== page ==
• David says:

    Why? Because it is an act of war, to permit them to attack us from your territory

  • blert says:

    The various Islamist franchises are Islamabad’s proxy armies — and have been clear back into the last century.
    Pakistani army owned chemical plants have been the sole source for all of the ammonium nitrate used in Afghanistan to make EIDs. ( common ordnance is boosted by ANFO — ammonium nitrate and diesel fuel oil )
    Pakistan is weird in that its army owns the state. In many respects it emulates the army-first mania of North Korea. Foreign assistance is always transmuted into yet more military power.
    Their nuclear program is a massive money pit. (Red Chinese technology imports, cash on the barrel-head) It’s astonishing how much of the national income it absorbs — to include all of that nation’s talent.
    Islamabad has an army that it can’t finance. Its rival has a growing economy. It doesn’t. This is the exact same debacle that did in Syria, stressed Tunisia, destroyed Libya and upset Egypt. Even now, Pakistan has a rapidly growing population. Its finances are a fright.
    Civil unrest could erupt at any time. KSA is ejecting foreign workers at quite a clip. Many are Pakistani contract workers.
    Islamism + Atomics + Civil unrest = A social volcano.

  • orion says:

    Terrorist groups should not be allowed to operate out of Pakistan against Afghanistan or any other country, but why must we fight those that are USA enemy? next they will tell us to fight Cuba. Maybe Pakistan should ask USA to come and fight alongside in Baluchistan where Indian sponsored baloch terrorists are targeting our law enforcement agencies. Sartaj aziz has a point, you may not like it.

  • Paul D says:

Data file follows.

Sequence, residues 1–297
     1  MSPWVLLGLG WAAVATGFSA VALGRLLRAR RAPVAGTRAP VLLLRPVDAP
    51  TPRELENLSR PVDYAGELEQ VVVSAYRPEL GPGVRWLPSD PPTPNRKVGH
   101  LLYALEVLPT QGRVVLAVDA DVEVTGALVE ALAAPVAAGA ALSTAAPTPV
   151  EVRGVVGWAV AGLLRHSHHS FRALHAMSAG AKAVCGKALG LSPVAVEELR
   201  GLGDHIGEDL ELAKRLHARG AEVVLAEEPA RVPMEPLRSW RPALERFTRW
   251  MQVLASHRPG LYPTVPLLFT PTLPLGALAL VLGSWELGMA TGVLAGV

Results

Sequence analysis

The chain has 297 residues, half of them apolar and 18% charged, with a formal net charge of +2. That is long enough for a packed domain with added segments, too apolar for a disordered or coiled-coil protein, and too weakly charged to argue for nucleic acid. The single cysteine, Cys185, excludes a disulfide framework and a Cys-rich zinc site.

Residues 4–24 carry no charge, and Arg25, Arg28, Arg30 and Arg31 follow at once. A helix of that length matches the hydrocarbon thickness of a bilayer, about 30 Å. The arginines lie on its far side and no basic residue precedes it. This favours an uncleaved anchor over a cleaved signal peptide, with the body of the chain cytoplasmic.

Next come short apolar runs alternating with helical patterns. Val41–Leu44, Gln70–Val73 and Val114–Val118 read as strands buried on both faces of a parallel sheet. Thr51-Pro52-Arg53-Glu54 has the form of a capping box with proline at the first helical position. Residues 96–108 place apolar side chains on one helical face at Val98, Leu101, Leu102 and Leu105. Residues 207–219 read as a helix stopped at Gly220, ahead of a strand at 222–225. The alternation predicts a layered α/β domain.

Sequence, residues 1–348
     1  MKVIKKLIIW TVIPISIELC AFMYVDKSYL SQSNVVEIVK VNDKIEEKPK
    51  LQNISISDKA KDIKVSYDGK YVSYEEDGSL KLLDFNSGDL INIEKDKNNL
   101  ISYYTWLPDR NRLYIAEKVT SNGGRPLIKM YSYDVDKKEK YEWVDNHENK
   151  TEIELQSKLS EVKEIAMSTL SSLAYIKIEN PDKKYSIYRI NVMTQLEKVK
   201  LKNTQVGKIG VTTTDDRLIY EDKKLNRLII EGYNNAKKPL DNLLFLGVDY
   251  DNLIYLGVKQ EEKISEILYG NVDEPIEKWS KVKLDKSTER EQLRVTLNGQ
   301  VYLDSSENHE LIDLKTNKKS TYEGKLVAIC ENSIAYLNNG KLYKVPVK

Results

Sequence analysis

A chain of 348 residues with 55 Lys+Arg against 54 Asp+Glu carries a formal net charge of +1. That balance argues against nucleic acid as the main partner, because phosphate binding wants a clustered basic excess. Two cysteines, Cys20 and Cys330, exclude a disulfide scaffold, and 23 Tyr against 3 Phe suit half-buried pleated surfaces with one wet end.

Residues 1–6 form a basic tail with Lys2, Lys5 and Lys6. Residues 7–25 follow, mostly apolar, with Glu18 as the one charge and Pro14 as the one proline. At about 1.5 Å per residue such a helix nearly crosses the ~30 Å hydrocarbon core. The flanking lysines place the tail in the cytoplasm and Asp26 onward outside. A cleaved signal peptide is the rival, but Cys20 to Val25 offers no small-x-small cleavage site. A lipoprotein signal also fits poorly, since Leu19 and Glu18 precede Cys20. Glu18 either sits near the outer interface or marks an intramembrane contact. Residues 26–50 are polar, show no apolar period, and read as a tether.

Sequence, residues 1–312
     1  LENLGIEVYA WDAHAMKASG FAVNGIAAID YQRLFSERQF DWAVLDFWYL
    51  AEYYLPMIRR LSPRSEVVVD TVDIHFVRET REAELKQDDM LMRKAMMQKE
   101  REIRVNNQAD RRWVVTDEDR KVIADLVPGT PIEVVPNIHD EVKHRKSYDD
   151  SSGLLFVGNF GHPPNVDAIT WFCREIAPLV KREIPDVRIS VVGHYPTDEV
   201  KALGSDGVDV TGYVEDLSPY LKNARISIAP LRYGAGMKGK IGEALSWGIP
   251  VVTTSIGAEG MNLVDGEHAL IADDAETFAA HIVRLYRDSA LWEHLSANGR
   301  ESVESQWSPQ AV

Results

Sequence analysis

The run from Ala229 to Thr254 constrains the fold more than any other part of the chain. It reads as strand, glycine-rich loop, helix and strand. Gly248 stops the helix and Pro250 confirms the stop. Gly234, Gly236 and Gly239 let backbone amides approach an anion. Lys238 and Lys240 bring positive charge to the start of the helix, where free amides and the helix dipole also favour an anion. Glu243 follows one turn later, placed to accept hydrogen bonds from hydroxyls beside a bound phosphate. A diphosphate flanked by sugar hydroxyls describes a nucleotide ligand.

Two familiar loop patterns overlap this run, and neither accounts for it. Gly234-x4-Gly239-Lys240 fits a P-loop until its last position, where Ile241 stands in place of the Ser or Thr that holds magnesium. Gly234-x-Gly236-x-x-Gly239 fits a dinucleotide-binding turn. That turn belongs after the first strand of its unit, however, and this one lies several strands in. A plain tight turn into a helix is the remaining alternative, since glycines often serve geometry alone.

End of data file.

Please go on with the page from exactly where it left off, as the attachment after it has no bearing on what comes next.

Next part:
Just confirming what we all knew that Pakistan do not mind hosting militants who attack other countries as long as they dont attack Pakistan.
    Will The UN and International community be happy with this offical policy?
    Stop aid now!

  • Arjuna says:

    America’s schizophrenic frenemy policy towards Pakistan is more to blame for this sad state of affairs than any Paki perfidy. I can’t really blame Aziz. He’s just doing what a Pakistani does. They’ve always been liars, sleeping with the enemy, and denying that they sponsor terrorists.
    We should never have ever trusted anything out of their mouths post-9/11 when the Taliban they nurture and protect helped Al Qaeda attack us. America is reaping what we’ve sown, sadly. In Syria, Iraq, Afghanistan, and most definitely in the Land of the Pure (Brigands), we see what we want to see and believe what we want to believe.
    It’s partly the political exigencies of our electoral system, but also the problem of politically correct lawyers trying to fight no-holds-barred terrorist insurgencies. It’s a real conundrum, because if we play by our patty-cake rules, we lose, as we are losing in theater after theater. (Sorry Peaches, Nagl and Kilcullen… COIN don’t work.) More and more these days, I’m beginning to feel like we should just kill them all and let Allah sort them out. At least we wouldn’t have to listen to their lies.

  • Shah Inamdar says:

    Pakistan has a valid point here. Why it should fight America’a enemies? And, also after seeing America joining hands with Pakistan’s enemies!

  • Mike. says:

    Sounds like an admission of no sovereignty.

  • PKJharkhand says:

    Pakistani politicians and Islamist terrorists see only win-win when they kill others. It is only by shedding blood and shedding more blood do they express their piety and Sunni supremacy.
    They don’t get it that their targets can understand and react. What they dont like is the reaction they provoke. You kill American soldiers in Afghanistan the US sends drones over with Hellfire missiles.
    Like a spoilt brat, Pakistan expects to do to others what it doesnt want others to do to them.
    Good luck with that approach.